Column and row number and dimension come from the raster attributes

#Boundaries for Dis = Create discretization object, spatial/temporal discretization
ztop = demData
zbot = [Layer1, Layer1_2, Layer2, Layer3, Layer4]
nlay = 5
nrow = demDs.RasterYSize
ncol = demDs.RasterXSize
delr = geot[1]
delc = abs(geot[5])




Definition of the flow packages for the MODFLOW model

In this part we define the packages related to groundwater flow on the MODFLOW model. First we define the DIS package that has the geometry as well as the simulation type (steady / transient). The model run on steady conditions.

dis = flopy.modflow.ModflowDis(mf1, nlay,nrow,ncol,delr=delr,delc=delc,top=ztop,botm=zbot,itmuni=1)

Then we define another MODEL packages. Some boundary conditions are setup from raster valures, while other packages use constant value. These are the required packages for the simulation:

  • the BAS package for setting the constant head cells and inactive cells,
  • the UPW that defines the vertical / horizontal hydraulic conductivity,
  • the RCH package that applies rechage from precipitation
  • the EVT package for the simulation of groundwater consumption from roots
  • the DRN package for the groundwater discharge to the channel network
  • the OC packages for the output record
# Variables for the BAS package
iboundData = np.zeros(demData.shape, dtype=np.int32)
iboundData[crData > 0 ] = 1
bas = flopy.modflow.ModflowBas(mf1,ibound=iboundData,strt=ztop, hnoflo=-2.0E+020)
# Array of hydraulic heads per layer
hk = [1E-4, 1E-5, 1E-7, 1E-8, 1E-9]

# Add UPW package to the MODFLOW model
upw = flopy.modflow.ModflowUpw(mf1, laytyp = [1,1,1,1,0], hk = hk)
#Add the recharge package (RCH) to the MODFLOW model
rch = np.ones((nrow, ncol), dtype=np.float32) * 0.120/365/86400
rch_data = {0: rch}
rch = flopy.modflow.ModflowRch(mf1, nrchop=3, rech =rch_data)
#Add the evapotranspiration package (EVT) to the MODFLOW model
evtr = np.ones((nrow, ncol), dtype=np.float32) * 1/365/86400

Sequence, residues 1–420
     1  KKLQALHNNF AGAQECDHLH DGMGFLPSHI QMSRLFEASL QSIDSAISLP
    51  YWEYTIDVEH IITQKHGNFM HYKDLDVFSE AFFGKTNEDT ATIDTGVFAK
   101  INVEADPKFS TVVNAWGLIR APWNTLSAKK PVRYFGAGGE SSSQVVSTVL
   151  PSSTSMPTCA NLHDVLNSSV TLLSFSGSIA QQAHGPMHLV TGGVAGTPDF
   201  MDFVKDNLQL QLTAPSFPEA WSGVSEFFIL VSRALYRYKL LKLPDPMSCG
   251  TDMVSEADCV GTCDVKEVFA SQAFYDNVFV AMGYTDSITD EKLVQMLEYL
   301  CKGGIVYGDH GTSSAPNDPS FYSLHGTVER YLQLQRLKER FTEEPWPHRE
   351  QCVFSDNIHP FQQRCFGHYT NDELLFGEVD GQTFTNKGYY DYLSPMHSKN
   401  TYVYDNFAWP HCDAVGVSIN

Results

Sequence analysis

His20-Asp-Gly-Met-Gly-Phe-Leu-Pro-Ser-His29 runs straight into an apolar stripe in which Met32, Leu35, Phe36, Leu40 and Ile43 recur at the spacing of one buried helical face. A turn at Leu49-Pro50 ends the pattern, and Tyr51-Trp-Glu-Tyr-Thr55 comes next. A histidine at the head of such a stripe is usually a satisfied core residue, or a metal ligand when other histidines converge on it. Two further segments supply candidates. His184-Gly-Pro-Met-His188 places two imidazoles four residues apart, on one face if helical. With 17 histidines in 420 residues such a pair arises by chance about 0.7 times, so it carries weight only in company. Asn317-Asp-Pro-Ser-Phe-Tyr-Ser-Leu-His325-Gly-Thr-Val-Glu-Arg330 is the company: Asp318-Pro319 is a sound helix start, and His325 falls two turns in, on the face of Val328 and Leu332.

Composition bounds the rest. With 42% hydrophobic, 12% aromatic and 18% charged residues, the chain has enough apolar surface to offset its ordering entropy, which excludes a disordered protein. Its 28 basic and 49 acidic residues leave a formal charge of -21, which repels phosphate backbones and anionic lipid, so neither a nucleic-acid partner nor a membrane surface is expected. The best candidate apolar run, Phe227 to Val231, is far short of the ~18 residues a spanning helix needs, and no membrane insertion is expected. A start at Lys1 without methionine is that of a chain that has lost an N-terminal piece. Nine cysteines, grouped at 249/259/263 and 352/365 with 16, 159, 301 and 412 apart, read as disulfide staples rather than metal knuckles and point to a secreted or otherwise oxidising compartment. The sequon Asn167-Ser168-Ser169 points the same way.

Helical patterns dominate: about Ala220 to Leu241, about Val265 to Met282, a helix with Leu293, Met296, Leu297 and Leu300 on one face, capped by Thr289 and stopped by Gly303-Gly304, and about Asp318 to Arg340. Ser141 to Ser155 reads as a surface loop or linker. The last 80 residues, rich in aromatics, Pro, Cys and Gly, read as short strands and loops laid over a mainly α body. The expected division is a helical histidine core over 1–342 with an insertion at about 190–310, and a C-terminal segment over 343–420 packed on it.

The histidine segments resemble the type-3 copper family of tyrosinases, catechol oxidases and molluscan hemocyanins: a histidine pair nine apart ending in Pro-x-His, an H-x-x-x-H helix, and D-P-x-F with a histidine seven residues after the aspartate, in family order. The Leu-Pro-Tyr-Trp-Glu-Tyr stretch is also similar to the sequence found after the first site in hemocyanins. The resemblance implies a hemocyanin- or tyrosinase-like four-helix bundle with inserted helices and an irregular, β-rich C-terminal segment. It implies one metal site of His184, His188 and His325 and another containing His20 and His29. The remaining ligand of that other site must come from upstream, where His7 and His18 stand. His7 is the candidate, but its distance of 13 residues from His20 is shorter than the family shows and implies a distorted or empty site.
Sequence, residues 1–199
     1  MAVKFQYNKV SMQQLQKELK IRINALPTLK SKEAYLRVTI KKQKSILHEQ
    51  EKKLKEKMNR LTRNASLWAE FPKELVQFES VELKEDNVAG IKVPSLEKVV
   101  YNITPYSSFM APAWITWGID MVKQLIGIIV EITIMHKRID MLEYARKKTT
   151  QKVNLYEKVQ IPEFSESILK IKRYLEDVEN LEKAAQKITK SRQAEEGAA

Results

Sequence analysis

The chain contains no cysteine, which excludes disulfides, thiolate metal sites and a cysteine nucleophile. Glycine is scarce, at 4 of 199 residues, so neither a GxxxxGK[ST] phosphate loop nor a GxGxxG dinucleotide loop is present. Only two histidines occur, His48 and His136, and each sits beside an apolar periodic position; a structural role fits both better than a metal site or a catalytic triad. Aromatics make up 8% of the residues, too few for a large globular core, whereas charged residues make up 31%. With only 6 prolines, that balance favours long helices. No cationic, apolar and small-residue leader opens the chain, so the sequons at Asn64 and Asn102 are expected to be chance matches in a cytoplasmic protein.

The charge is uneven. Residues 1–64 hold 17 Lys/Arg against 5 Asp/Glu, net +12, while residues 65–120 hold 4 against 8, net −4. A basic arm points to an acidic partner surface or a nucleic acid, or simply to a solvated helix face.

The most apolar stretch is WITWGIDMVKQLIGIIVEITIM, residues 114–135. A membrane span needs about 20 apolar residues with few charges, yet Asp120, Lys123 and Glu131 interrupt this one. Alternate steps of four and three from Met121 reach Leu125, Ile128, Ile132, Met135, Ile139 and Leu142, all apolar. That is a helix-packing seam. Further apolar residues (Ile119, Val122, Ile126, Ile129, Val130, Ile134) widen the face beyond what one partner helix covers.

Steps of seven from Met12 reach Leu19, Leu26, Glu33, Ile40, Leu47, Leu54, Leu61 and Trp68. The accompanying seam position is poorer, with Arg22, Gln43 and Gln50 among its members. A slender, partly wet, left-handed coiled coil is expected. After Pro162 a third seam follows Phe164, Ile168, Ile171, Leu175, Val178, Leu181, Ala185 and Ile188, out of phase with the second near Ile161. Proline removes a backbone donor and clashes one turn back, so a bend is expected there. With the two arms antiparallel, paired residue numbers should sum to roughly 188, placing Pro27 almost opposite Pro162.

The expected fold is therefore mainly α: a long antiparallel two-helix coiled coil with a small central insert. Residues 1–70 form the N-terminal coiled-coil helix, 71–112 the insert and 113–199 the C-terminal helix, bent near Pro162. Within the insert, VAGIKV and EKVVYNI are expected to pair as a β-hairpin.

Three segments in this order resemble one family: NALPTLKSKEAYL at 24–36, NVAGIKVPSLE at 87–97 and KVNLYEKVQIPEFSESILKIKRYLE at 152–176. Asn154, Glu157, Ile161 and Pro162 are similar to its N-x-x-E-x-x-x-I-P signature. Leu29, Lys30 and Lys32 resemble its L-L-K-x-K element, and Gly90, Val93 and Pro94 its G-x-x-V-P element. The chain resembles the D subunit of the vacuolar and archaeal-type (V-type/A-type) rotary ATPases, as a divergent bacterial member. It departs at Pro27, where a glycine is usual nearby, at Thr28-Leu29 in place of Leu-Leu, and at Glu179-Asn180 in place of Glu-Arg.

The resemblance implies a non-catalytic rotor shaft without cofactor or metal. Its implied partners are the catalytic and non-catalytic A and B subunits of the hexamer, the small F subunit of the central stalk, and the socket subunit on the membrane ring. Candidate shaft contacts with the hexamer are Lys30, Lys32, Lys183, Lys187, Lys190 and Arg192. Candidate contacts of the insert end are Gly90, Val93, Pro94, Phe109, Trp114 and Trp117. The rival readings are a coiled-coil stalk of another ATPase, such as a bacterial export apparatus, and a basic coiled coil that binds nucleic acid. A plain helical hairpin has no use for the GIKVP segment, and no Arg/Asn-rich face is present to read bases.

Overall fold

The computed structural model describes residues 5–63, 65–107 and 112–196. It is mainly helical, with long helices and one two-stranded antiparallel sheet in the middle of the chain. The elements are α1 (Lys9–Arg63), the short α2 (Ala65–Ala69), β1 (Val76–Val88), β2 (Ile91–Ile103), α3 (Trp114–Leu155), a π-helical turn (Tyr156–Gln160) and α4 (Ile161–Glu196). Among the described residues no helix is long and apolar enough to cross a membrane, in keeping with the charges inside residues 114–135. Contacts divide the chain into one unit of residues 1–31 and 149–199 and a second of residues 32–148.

evtr_data = {0: evtr}
evt = flopy.modflow.ModflowEvt(mf1,nevtop=1,surf=ztop,evtr=evtr_data, exdp=0.5)
#Add the drain package (DRN) to the MODFLOW model
river = np.zeros(demData.shape, dtype=np.int32)
river[crData == 3 ] = 1
list = []
for i in range(river.shape[0]):
    for q in range(river.shape[1]):
        if river[i,q] == 1:
            list.append([0,i,q,ztop[i,q],0.001]) #layer,row,column,elevation(float),conductanceee
rivDrn = {0:list}

drn = flopy.modflow.ModflowDrn(mf1, stress_period_data=rivDrn)
# Add OC package to the MODFLOW model
oc = flopy.modflow.ModflowOc(mf1) #ihedfm= 1, iddnfm=1




Write files of the MODFLOW model and run simulation

Write the .nam file and the files declared on the .nam file. Then runs the simulation and shows the simulation information on the screen

#Write input files -> write file with extensions
mf1.write_input()

#run model -> gives the solution
mf1.run_model()
FloPy is using the following  executable to run the model: ../Exe/MODFLOW-NWT_64.exe

                                  MODFLOW-NWT-SWR1 
    U.S. GEOLOGICAL SURVEY MODULAR FINITE-DIFFERENCE GROUNDWATER-FLOW MODEL
                             WITH NEWTON FORMULATION
                             Version 1.1.4 4/01/2018                         
                    BASED ON MODFLOW-2005 Version 1.12.0 02/03/2017                       

                    SWR1 Version 1.04.0 09/15/2016                       

 Using NAME file: model1.nam 
 Run start date and time (yyyy/mm/dd hh:mm:ss): 2019/02/22 10:19:24